In Harris v. White (81 N.Y. 532) suit was permitted for wages earned in out-of-State horse races at a time when horse racing was illegal in the State of New York.Summary of this case from Intercontinental Hotels Corp. v. Golden
Argued June 3, 1880
Decided September 21, 1880
P.C. Williams for appellant. Levi H. Brown for respondent.
This action is brought upon an account, which is of five items. This appeal touches one of them only; that one is for the service of the plaintiffs for the defendant, done in fact by the plaintiff Erwin L. Harris. It is stated in the complaint as six months and seven days' labor, at $250 per month, footing up at $1,568.50. The answer sets up several defenses. The one that we need notice is, that the service above mentioned was rendered by Erwin L. as a jockey or driver of the horses of the defendant in races for money, in violation of the laws of the State of New York against horse-racing, and against betting and gaming.
The referee found as a fact that the service was rendered under an express oral contract, whereby Erwin L. was to drive the horses of the defendant during the trotting season of the year 1875, at such times and places as the defendant might desire, in races or contests of speed, competing for purses, prizes or premiums, to be paid to the winner therein. That finding is upheld by the testimony. He also found that when that contract was made, the defendant's horses had been entered for such races or contests to take place at Philadelphia, Pa., Baltimore, Md., Brooklyn, N.Y., Hartford, Conn., and Boston, Mass., and that the race at Brooklyn, the only place above named that is in this State, was to be on the grounds of the Prospect Park Association; that when the contract was entered into, these places were in the contemplation of the parties, together with such other places as the defendant would designate. This finding is upheld by the testimony.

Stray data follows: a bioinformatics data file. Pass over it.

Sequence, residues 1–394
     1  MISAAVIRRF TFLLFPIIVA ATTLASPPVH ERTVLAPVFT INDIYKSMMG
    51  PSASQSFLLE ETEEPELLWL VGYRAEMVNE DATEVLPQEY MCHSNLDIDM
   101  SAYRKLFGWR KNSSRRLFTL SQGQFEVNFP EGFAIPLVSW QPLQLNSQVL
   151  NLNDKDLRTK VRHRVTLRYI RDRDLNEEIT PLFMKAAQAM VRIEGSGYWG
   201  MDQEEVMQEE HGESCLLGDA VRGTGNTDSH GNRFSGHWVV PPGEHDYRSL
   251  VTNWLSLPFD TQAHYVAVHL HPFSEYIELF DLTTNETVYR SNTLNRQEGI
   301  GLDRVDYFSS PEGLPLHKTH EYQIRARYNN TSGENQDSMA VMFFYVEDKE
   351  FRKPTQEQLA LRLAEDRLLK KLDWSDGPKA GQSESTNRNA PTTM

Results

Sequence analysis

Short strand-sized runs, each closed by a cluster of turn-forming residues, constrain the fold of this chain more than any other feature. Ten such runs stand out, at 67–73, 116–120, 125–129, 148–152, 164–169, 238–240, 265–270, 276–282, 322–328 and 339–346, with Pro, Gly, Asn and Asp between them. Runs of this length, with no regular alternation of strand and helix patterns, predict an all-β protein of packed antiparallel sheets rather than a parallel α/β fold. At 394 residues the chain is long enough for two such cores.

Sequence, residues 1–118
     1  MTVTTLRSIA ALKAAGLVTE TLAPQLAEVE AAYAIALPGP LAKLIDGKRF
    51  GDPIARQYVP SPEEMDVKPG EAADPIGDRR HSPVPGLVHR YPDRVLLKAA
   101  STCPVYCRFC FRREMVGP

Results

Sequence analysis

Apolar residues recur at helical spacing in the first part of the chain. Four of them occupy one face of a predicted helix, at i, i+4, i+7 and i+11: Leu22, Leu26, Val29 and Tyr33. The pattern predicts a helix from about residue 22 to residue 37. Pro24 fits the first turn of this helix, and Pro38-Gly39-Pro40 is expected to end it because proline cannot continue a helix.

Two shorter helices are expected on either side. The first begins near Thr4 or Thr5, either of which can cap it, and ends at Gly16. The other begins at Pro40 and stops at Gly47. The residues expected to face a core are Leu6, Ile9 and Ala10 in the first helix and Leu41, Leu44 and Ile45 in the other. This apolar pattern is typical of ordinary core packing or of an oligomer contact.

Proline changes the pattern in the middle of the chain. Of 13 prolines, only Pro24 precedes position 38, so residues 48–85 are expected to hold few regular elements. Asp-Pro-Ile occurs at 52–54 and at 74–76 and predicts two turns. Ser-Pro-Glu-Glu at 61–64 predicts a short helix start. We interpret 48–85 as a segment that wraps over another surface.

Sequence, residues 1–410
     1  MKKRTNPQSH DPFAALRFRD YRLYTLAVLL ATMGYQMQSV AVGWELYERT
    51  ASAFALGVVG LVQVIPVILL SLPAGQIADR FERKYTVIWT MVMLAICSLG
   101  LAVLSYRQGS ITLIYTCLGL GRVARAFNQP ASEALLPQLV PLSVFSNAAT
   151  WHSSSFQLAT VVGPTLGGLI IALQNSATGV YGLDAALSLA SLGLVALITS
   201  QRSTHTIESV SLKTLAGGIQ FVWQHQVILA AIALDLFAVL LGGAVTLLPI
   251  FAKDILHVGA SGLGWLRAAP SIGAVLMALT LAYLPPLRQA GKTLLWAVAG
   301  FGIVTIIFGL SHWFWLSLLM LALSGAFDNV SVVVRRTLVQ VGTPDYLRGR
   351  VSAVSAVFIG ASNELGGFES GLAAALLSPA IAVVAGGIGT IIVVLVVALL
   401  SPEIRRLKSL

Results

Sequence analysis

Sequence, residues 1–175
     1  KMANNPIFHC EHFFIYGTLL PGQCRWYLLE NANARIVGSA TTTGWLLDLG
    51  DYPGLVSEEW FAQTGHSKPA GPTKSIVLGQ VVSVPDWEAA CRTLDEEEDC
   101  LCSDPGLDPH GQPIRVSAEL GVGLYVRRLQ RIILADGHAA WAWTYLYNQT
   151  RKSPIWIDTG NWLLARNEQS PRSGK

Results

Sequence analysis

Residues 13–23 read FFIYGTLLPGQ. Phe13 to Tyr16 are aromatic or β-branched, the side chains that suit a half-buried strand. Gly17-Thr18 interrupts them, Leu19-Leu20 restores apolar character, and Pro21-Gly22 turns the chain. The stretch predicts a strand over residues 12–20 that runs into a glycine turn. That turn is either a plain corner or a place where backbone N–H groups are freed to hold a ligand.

The referee also found that the contract did not by its terms stipulate for, nor contemplate, the driving of horses for any bet or wager, or in violation of any of the statutes of the State of New York.
This is the important finding. If it is sustained, the conclusions of law of the learned referee follow, and the judgment that the plaintiffs have recovered must be affirmed.
There are two provisions of statute law that are to be noticed in passing upon this finding. One is found at 1 R.S. 662, § 8, and declares that all wagers, bets or stakes, made to depend upon any race, shall be unlawful. There are other sections to that act, but they do not touch the matter now in hand; and this section 8 may be considered and disposed of in what we have to say upon the other statutory provision which we will notice, without further particular mention again of that section. That other provision is in 1 R.S. 672, § 55, "of the racing of animals," and declares that all trotting of horses for any bet or stakes, or for any reward to be given to the owner or rider of the horse that shall excel in speed, is a common and public nuisance and misdemeanor; and a penalty is affixed to it of $500 fine, or imprisonment not exceeding one year. But embodied in the section, not attached to or following it, but making a part of the enacting clause, there is an exception from its denunciation, of such trotting as is expressly allowed by special laws for that purpose. It will be seen as we go on, that this exception is of much importance in this case, not only because of the terms of it, but also because of the form and place of it in the section.